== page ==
9   You are accusing me of two opposites, wisdom and madness: wisdom in that I am crafty, clever, resourceful; madness in that I wished to betray Greece. It is madness to attempt what is impossible, disadvantageous, disgraceful injurious to friends and helpful to enemies, and likely to make one's life intolerable. But how can one believe a man who in the same speech, to the same audience, says the exact opposite about the same things?

    Do you consider the wise to be foolish or sensible? If you say 'foolish', this is original but untrue. If 'sensible' then sensible men do not commit the greatest crimes, or prefer evil to the good they have. If I am wise, I did not err. If erred, I am not wise. Therefore you are proved a liar on both counts.

    I could bring counter-accusations, but I will not. I would rather seek acquittal through my virtues than your vices.

 

10   To the Jury:   I must now speak of myself, in a way that would not be suitable except to one accused. I submit my past life to your scrutiny. If I mention my good deeds, I pray that no one will resent this: it is necessary in order that I may refute serious charges with a true statement of merits known to you.

Above all, my past life has been blameless. My accuser can bring no proof of this charge, so that his speech is unsubstantiated obloquy.

    I claim also to be a benefactor of Greece, present and future, by reason of my inventions, in tactics, law, letters (the tool of memory), measures (arbiters of business dealings), number (the guardian of property), beacon-fires (the best and swiftest messengers), and the game of draughts as a pastime.

    I mention these things to show that in devoting my thoughts to them I am bound to abstain from wicked deeds.

    I deserve no punishment from young or old. I have been considerate to the old, helpful to the young, without envy of the prosperous, merciful to the distressed; not despising poverty, nor preferring wealth to virtue; useful in counsel, active in war, fulfilling commands, obeying the rulers.  But it is not for me to praise myself; I do so under the compulsion of self-defense.

 

11   Lastly I shall speak of you to you. Lamentations, prayers, and the petitions of friends are useful when judgment depends on the mob; but before you, the foremost of the Greeks, I need not use these devices, but only justice and truth.

    You must not heed words rather than facts, nor prefer accusations to proof, nor regard a brief period as more instructive than a long one, nor consider calumny more trustworthy than experience. Good men avoid all wrong-doing, but above all what cannot be mended; things can be righted by forethought, but are irrevocable by afterthought. This happens when men are trying a fellow-man on a capital charge, as you now are.

    If words could bring the truth of deeds clearly and certainly before their hearers, judgment would be easy; since this is not so, I ask you to preserve my life, await the passage of time, and pass your judgment with truth. You run the great risk of a reputation for injustice; to good men, death is preferable to a bad reputation: one is the end of life, the other is a disease in life.

    If you put me to death unjustly, you will bear the blame in the eyes of all Greece, as I am not unknown and you are famous. The blame will be yours, not my accuser's, because the issue is in your hands. There could be no greater crime than if you as Greeks put to death a Greek, an ally, benefactor of yours and of Greece, when you can show no cause.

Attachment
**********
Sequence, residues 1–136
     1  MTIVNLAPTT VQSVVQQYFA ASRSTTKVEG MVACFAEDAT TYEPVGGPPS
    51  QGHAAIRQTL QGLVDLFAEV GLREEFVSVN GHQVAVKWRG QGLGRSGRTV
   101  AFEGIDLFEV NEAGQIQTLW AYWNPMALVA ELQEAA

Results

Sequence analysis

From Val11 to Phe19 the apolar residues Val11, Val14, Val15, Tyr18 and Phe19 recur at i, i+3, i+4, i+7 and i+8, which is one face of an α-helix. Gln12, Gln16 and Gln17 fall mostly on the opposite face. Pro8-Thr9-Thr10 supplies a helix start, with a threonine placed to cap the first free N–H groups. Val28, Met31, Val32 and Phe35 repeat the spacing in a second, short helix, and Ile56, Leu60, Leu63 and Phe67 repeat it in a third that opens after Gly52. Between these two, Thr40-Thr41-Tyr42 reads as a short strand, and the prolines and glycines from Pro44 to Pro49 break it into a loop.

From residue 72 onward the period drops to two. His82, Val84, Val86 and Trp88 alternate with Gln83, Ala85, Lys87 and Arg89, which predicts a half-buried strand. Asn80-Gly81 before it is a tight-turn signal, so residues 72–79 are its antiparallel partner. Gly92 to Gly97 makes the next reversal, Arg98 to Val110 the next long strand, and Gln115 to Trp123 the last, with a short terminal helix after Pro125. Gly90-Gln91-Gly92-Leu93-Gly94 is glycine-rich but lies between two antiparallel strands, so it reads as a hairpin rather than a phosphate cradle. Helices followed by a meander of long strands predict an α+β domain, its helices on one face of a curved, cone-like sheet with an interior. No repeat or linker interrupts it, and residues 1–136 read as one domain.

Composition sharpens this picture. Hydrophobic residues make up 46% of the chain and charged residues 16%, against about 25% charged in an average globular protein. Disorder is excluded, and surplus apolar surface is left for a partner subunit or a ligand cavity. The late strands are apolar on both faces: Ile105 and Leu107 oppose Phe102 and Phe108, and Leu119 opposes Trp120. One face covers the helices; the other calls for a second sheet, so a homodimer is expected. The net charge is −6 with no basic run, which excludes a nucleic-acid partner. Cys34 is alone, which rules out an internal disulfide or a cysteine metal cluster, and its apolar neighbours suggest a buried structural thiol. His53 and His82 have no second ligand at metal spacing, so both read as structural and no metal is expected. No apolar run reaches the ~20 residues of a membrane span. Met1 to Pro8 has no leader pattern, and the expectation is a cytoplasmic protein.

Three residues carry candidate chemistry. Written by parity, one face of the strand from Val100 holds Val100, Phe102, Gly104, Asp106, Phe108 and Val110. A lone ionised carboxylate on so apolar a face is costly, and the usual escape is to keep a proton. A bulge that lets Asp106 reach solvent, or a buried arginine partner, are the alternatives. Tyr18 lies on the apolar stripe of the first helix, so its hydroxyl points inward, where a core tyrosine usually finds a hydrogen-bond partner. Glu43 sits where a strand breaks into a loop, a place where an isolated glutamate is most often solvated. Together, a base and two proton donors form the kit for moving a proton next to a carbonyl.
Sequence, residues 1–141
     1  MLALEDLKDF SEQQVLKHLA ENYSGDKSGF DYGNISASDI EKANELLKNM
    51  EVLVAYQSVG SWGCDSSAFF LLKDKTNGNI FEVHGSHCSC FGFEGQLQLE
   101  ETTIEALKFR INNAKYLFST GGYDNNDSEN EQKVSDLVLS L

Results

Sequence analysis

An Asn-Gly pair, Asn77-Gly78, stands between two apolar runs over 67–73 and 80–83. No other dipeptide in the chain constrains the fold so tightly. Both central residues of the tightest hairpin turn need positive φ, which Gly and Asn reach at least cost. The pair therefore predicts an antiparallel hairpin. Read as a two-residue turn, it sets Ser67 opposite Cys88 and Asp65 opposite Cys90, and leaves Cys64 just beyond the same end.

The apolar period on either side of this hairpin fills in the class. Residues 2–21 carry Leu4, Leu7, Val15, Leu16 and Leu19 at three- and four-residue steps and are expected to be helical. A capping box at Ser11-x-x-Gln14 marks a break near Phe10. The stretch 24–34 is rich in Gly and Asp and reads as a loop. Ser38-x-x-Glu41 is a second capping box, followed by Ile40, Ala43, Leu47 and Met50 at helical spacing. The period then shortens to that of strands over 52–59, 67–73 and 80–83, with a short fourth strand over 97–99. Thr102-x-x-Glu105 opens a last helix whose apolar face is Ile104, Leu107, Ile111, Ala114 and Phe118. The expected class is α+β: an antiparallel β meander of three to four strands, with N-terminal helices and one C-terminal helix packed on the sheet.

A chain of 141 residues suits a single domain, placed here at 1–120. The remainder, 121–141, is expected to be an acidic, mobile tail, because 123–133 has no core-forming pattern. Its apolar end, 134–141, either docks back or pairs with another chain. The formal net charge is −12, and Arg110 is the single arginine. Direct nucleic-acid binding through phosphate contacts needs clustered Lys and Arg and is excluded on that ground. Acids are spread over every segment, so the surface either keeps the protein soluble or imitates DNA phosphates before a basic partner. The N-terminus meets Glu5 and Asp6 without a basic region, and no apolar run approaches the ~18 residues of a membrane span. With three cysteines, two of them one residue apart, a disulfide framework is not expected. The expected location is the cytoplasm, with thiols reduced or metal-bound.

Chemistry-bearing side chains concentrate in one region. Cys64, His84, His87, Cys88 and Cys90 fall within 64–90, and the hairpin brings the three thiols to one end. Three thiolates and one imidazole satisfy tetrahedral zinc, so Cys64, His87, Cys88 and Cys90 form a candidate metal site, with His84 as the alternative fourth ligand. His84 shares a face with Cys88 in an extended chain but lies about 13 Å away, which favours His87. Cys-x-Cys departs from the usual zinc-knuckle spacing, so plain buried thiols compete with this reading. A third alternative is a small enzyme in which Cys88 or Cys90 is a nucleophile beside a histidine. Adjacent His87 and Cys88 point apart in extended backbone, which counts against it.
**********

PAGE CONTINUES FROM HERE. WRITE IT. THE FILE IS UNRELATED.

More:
Here I stop. A summary of a long speech is worth while when one is speaking to a jury of inferiors; but before the leaders of Greece it is uncalled-for, as is the exhortation to pay attention or to remember what has been said.

 

 

Poetry and Art

 

12   All poetry can be called speech in meter. Its hearers shudder with terror, shed tears of pity, and yearn with sad longing; the soul, affected by the words, feels as its own an emotion aroused by the good and ill fortunes of other people' actions and lives.

    The inspired incantations of words can induce pleasure and avert grief; for the power of the incantations, uniting with the feeling in the soul, soothes and persuades and transports by means of its wizardry. Two types of wizardry and magic have been invented, which are errors in the soul and deceptions in the mind.

    Painters, however, when they create one shape from many colors, give pleasure to sight; and the pleasure afforded by sculpture to the eyes is divine; many objects engender in many people a love of many actions and forms.

 

 

Persuasion

    

13   Their persuasions [addressed to Helen] by means of fictions are innumerable; for if everyone had recollection of the past, knowledge of the present, and foreknowledge of the future, the power of speech would not be so great. But as it is, when men can neither remember the past nor observe the present nor prophesy the future, deception is easy; so that most men offer opinion as advice to the soul. But opinion, being unreliable, involves those who accept it in equally uncertain fortunes.

    Thus, persuasion by speech is equivalent to abduction by force, as she was compelled to agree to what was said, and consent to what was done. It was therefore the persuader, not Helen, who did wrong and should be blamed.

    That persuasion, when added to speech, can also make any impression it wishes on the soul, can be shown, firstly, from the arguments of the soothsayers, who by removing one opinion and implanting another, cause what is incredible and invisible to appear before the eyes of the mind; secondly, from legal contests, in which a speech can sway and persuade a crowd, by the skill of its composition, not by the truth of its statements; thirdly, from the philosophical debates, in which quickness of thought is shown easily altering opinion.

    The power of speech over the constitution of the soul can be compared with the effect of drugs on the state of the body: just as drugs by driving out different humors from the body can put an end either to the disease or to life, so with speech: different words can induce grief, pleasure or fear; or again, by means of a harmful kind of persuasion, words can drug and bewitch the soul.

 

 

On Nature

 

14   First, nothing exists. Second, if anything did exist we could never know it. Third, if by chance a man should come to know it, it would remain a secret, because he would be unable to describe it to his fellow men.

 

 

Sources

 

Ancilla to The Pre-Socratic Philosophers, translated by Kathleen Freeman. Basil Blackwell, Oxford, 1948.

 

Source Book in Ancient Philosophy, by Charles M. Bakewell. Charles Scribner's Sons, New York, 1907.

 

Selections from Early Greek Philosophy, by Milton C. Nahm. Prentice-Hall Inc., Englewood Cliffs, New Jersey.